“Average” tax cut is a meaningless notion

It is an old and somewhat silly saying, but it applies: When your head is in the oven and your feet are in the fridge, on average you feel okay. Similarly, the Bush Administration’s uses the word “average” to say that 91 million taxpayers will receive, on average, a tax cut of $1,126. As the CBPP pointed out this week, averages utterly elide the issue:


  • The average tax cut in 2003 for households in the middle of the income spectrum (i.e., the middle fifth of households) will be $217, or less than one-fifth the total advertised by the Administration.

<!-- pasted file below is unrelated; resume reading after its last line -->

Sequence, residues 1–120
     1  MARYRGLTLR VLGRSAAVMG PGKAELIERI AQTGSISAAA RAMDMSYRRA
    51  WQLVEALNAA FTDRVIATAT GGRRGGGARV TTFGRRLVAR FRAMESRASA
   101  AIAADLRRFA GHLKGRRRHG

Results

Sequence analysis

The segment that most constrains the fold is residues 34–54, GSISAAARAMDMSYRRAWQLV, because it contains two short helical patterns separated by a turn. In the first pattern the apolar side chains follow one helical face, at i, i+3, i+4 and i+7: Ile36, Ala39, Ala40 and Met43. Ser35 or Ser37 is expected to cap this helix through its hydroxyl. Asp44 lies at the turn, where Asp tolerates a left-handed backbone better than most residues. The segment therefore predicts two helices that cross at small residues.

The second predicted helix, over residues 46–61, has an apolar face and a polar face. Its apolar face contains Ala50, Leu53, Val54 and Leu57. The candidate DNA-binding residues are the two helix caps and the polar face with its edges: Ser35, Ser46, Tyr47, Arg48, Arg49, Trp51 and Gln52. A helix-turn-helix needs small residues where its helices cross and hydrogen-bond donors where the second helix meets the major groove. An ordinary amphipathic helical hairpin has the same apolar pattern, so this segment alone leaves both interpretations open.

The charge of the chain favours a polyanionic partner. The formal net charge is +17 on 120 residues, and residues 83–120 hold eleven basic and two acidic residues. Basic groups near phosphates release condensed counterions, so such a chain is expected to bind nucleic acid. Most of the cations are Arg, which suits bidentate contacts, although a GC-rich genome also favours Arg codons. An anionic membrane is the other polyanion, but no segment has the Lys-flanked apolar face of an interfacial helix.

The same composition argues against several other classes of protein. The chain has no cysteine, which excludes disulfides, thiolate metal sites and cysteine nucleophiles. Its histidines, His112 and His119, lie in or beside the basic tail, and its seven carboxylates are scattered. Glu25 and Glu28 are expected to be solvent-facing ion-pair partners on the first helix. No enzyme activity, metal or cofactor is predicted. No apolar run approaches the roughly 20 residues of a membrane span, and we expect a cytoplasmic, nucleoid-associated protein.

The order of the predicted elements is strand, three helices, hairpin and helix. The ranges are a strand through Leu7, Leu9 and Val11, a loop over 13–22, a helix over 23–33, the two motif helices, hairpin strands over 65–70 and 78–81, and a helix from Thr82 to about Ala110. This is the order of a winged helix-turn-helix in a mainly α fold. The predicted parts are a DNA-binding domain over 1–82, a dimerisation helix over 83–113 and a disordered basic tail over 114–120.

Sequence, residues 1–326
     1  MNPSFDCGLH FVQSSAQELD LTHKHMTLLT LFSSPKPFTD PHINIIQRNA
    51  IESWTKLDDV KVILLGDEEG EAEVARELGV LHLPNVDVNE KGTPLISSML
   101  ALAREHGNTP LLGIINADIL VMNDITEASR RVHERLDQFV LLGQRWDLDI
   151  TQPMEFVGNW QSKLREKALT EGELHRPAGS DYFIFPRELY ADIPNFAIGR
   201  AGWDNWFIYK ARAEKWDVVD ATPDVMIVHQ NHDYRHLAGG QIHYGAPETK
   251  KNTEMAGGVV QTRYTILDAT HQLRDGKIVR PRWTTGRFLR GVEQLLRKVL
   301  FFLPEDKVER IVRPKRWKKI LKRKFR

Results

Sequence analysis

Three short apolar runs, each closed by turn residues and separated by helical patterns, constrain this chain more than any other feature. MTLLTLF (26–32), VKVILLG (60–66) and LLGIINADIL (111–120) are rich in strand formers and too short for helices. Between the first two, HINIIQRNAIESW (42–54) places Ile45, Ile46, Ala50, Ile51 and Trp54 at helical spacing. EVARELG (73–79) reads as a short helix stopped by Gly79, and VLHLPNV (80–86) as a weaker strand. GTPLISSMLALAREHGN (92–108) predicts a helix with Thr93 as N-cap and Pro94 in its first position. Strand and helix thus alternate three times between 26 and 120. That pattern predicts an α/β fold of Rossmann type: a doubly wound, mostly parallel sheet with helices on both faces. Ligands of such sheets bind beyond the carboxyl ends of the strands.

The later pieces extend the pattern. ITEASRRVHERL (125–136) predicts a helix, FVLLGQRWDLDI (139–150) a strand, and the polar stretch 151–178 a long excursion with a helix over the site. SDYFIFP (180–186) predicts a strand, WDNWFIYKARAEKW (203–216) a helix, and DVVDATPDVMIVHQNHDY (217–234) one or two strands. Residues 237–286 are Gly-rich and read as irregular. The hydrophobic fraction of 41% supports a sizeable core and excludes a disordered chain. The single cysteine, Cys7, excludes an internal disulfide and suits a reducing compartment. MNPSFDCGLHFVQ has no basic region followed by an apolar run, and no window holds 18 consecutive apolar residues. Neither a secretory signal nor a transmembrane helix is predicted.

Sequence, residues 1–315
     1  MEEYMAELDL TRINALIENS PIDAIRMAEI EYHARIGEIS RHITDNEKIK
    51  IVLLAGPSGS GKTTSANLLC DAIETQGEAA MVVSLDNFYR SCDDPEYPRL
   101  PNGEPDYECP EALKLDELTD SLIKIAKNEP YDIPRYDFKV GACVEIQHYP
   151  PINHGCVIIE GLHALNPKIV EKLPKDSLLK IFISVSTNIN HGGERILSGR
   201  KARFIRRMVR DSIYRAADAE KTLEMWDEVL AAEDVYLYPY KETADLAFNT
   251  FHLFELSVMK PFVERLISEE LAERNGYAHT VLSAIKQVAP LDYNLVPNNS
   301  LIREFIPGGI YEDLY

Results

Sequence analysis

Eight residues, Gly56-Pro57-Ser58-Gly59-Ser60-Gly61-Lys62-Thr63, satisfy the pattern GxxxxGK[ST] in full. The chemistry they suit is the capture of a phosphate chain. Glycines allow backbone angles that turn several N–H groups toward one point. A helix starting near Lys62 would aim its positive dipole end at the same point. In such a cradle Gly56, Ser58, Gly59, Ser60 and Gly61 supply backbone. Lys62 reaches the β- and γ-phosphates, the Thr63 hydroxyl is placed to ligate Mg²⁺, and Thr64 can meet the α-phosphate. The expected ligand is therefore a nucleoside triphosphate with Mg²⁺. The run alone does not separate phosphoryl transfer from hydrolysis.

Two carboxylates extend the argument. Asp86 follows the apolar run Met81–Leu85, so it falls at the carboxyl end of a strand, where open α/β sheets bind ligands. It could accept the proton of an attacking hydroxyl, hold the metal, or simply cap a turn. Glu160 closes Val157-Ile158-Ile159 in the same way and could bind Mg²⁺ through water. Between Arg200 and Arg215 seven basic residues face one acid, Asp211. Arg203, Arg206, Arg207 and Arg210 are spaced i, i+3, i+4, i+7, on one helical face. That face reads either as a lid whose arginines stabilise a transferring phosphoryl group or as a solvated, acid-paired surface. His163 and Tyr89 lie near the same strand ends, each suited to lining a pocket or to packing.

• 83 percent of households will get less than the average amount cited by the Administration.


  • Some 53 percent of U.S. households — or 74 million households — will receive a tax cut of $100 or less.  This includes 50 million households that will receive no tax cut whatsoever.

Don’t get me wrong. I’m generally in favor of enlightened tax cuts, but the Administration does itself no favors by dodging distributional issues.

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